5. Long Distance Relationship

Let me just start by saying, if you have EVER been in a long distance relationship, you know that time zones, months apart, lack of kisses and hugs, and overall stress from being away from your love is one of the most difficult things you could ever experience. Arizona kept me away from my Dylan, and that was so hard. We spent nine months apart, and I could not move to Boston sooner because Arizona State University only offers most of my degree’s core classes in-person. Nine months, regardless of how many times or for how long you visit a person, is THE MOST difficult thing you could ever do in a relationship. For people who are meant to be together, though, it is one of the most rewarding experiences. People who can not spend one minute apart from the love of their life without fighting are just not patient enough, and the Bible describes patience as the first attribute of real love. For 9 months, I had to go to work, school, the grocery store, to eat food, to do everything knowing I wanted to be somewhere else. I was displaced and felt like I was torn in half for 9 entire months. I spent many hours on the phone and on Skype with my boyfriend, and together we pulled through and thrived through 9 months of long distance. But, if any of you have experienced this, you will know that only the strongest, most genuine relationships can love each other from 2,500 miles away because it is necessary to wait. With that being said, I could NEVER choose to be away from my love- the only reason we had to be apart was because we met while I was still committed to my program at ASU, which I will now be completing online for the next five months. It all has worked out beautifully, but wow were those 9 months difficult.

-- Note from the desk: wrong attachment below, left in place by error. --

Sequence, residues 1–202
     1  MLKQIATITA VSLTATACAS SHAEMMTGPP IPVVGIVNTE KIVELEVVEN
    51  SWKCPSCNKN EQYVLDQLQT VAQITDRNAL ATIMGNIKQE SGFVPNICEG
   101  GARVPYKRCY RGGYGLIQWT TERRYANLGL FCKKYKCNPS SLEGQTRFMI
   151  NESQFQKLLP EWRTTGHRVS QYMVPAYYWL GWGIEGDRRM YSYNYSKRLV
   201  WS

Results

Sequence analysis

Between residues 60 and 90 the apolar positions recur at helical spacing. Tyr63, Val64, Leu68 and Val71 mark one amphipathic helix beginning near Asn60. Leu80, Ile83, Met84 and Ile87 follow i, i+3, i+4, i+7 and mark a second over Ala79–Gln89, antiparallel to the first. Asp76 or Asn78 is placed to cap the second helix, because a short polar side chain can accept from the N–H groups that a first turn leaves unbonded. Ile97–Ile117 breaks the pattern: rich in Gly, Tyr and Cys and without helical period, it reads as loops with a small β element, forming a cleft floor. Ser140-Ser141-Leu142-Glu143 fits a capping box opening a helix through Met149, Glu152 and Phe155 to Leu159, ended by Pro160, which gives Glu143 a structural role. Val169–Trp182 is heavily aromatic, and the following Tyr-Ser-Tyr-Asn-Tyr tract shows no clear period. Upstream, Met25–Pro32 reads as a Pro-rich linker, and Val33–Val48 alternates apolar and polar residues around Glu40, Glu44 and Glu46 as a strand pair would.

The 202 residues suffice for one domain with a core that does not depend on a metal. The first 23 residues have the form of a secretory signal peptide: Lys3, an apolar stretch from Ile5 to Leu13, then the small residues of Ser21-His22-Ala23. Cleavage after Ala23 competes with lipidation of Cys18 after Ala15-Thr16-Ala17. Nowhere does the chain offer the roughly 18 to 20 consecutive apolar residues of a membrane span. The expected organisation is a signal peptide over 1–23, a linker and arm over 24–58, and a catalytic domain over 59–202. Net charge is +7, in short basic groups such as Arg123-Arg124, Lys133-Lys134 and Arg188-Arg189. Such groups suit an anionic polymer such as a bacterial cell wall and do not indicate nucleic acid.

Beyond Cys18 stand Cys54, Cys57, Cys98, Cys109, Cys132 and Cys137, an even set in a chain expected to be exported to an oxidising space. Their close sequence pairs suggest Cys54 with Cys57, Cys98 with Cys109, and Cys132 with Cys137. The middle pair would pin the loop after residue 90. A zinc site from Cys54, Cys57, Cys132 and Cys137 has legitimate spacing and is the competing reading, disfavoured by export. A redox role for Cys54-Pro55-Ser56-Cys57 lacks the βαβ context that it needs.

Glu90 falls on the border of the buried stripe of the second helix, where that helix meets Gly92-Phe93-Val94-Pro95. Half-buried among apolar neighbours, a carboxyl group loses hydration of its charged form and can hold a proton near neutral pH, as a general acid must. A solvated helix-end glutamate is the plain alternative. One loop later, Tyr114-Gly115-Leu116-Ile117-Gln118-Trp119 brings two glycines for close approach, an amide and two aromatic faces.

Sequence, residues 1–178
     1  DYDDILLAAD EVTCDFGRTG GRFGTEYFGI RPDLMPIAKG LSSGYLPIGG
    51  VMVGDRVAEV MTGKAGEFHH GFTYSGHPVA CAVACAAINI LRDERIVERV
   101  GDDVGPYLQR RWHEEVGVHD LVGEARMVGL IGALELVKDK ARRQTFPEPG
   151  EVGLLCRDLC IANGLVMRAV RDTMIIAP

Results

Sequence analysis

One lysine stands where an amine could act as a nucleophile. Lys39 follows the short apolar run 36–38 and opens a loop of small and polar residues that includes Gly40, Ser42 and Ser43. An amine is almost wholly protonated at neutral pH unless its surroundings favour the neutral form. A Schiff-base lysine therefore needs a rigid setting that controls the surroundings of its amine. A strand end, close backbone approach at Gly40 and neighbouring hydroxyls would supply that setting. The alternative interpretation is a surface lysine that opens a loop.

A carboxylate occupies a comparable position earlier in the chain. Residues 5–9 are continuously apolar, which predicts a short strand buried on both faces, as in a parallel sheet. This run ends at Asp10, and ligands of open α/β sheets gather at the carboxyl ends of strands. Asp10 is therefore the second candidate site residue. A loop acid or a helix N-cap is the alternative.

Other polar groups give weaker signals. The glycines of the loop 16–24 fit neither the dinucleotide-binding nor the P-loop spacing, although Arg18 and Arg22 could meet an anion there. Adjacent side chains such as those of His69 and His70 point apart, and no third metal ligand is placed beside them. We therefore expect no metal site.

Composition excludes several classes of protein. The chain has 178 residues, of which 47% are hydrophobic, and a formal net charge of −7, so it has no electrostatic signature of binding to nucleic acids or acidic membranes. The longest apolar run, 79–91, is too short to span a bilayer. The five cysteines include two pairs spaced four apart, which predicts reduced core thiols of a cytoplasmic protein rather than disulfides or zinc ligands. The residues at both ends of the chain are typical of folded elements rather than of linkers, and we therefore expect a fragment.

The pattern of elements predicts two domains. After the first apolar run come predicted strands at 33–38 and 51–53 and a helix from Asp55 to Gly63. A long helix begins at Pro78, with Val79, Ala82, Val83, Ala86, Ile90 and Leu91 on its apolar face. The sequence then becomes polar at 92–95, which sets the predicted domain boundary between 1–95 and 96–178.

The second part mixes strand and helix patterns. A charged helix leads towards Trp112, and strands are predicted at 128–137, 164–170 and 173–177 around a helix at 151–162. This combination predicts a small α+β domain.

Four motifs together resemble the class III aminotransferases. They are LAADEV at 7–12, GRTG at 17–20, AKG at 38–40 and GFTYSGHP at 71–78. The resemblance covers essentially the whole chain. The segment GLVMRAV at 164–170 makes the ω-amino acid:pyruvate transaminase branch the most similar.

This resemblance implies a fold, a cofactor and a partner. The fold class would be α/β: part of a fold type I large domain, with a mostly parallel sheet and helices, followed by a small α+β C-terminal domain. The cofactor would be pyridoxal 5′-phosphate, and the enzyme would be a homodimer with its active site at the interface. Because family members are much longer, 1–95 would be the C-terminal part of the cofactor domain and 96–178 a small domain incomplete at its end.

So, folks, those are the 10 things I miss and do not miss most about Arizona. I will write another post about the things I absolutely love about Boston, and the things I have grown to love since being here. Thank you all for reading and have a blessed Christmas!

 

Elise

 

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Facebook’s Multiple Personalities

So, today I wanted to write about something that has plagued me for the last 7 years of my life. Facebook, the social media tool, has been a constant for me ever since I was in the 8th grade. I have posted thousands of photos, deleted photos, posted and deleted comments and posts, played games, messaged people, looked up pages, and done tons of other things I would not have been able to do were it not for this specific social media tool.

I have also become so overwhelmed by Facebook and all the people and constant flow of information that I have deactivated it, sometimes for months at a time, sometimes for almost a year. This has occurred multiple times- me deactivating and reactivating my Facebook account, so I just wanted to analyze myself, my actions, and the thing that causes my reactions: Facebook.

Firstly, I am both a supporter for and a protester against social media. Let me be clear. I enjoy Facebook for it’s various useful purposes, but I also despise it for all the harm it causes in my life and the lives of people around me.

Firstly, I will list all of the things I hate about Facebook, then to lighten it up, I will list the benefits I have discovered over the years.

Horrible things about Facebook:

a) It breeds insecurity.